Back Seat Reminders

How many stories have you heard of parents leaving their children in the back seat of a car for hours. Well, automakers have taken steps to try to stop this from ever happening again. If the car detects a rear door having been opened, either right before or right after starting the car, the system will make a chime or some flash on the dashboard when the car stops and is put in park. Something to remind the driver of what they left in the back seat. It might not even be a child, but food or drinks you just shouldn’t leave in the back for too long.

Smartphone Integration

People use their smart phones for just about everything nowadays. So integrating that technology into our vehicles seems like a no-brainer. Apple and Android have both developed applications for integrating phones with cars, called Apple CarPlay and Android Auto respectively. They allow you to connect your device to your vehicle and use certain features while still being safe while driving. Most notably, you can more easily take advantage of navigation tools. You can even look at your phone’s screen on your dashboard.

Adaptive Cruise Control

Cruise control lets you maintain speed more easily and its pretty useful when driving on the open road. But when you run into another car on the road, your cruise control speed may not be helpful anymore. Fortunately, newer vehicles have begun taking advantage of adaptive cruise control. That utilizes the sensors on the car to scan the road ahead and change the car’s speed automatically, based on what’s on the road. It’ll even slow down to stay a safe distance away from other vehicles. These systems can even work in stop-and-go traffic.

Seat Massagers

Long car trips can be really taxing for the driver. However, there are some cars that can make the experience a little more enjoyable. They have built-in massage features into the chairs. They help to loosen muscles and relax tension. The massage could even improve one’s circulation. Regardless, it definitely reduces the amount of stress you’ll be feeling while driving.

Heated Steering Wheel

Heated seats are good enough. But what about a heated steering wheel? If you need to scrape the ice off of your windshield before driving, your hands will likely get cold. And if you have to spend time digging out your car, they’ll probably feel numb. And that’s why a heated steering wheel has so much use. To turn on the steering wheel’s heating system, there’s a button on the dashboard. It’ll start to warm up your fingers in no time.

Fuel Door Ice Scraper

The Czech Republic has a varied landscape, but it can still get pretty cold there in the winter, leading to plenty of snow and frost. That’s why Skoda, a Czech car company, decided to include ice scrapers with each of their sold vehicles. They’re not particularly large, hidden in the fuel door, but they can get the job done in a pinch. Check your car for this addition if you live in the Czech Republic. Or if your car was made there. You might have a Skoda vehicle.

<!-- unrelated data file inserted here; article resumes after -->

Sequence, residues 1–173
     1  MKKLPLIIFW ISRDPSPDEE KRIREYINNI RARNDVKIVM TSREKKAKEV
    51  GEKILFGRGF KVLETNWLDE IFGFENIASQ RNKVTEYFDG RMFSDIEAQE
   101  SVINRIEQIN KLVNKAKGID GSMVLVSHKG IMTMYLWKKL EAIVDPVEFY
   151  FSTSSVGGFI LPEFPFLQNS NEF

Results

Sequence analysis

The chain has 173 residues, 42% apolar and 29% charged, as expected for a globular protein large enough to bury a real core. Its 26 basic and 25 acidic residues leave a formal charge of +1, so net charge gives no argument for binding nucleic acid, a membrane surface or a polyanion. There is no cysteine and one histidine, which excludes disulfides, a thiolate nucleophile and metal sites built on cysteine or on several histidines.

Jeep Easter Eggs

This one isn’t so much an advancement to help make your life easier, but it is an interesting thing that may happen to be on your car. Jeep tends to leave a lot of easter eggs on their cars on their newer models. Some include silhouettes of older Jeep models. They can be found on the body, tired, or even the bumper. The Jeep Renegade in particular even has a spider that says “Ciao Baby!” next to the gas cap.

Hyundai Puddle Lights

Have you ever wondered why some high-end cars have lights on underneath them? Well, they’re not just for show (although the color and lighting often appears pretty showy). As it turns out, these are puddle lights. They’re designed to illuminate the ground underneath you at night. That way, when you get out of the car you don’t accidentally step in a puddle. A minor thing, but helpful nonetheless. This is most notable in Hyundai’s Genesis line of cars.

Subaru Eyesight Assist

Subaru’s EyeSight Driver is the culmination of a lot of the different safety driving equipment discussed before. It monitors traffic around the car and your position within a lane. It can then alter the speed of the car or move the wheels depending on your location. This is how it optimizes cruise control and lane centering. It also includes a pre-collision braking feature.

BMW Ambient Air

Sometimes your car may just start to smell bad, so you get an air freshener. Well, BMW thought about that in advance. Their cars come with built-in air fresheners called Ambient Air. The scent cartridges are installed in the glove box and you can swap the scents or refill the system easily. It comes with eight different scents based on your personal preference.

Mercedes-Benz’s Pre-Safe Sound

The Pre-Safe sound is a feature in Mercedes-Benz cars that’s intended to protect your hearing during collisions. If the car detects an unavoidable collision, a special noise is played over the car’s sound system at 80 decibels. That, in turn, activates a reflex in your ears that will protect your eardrums from the sound of the collision. You might not get out of the accident unscathed, but at least your hearing won’t be affected.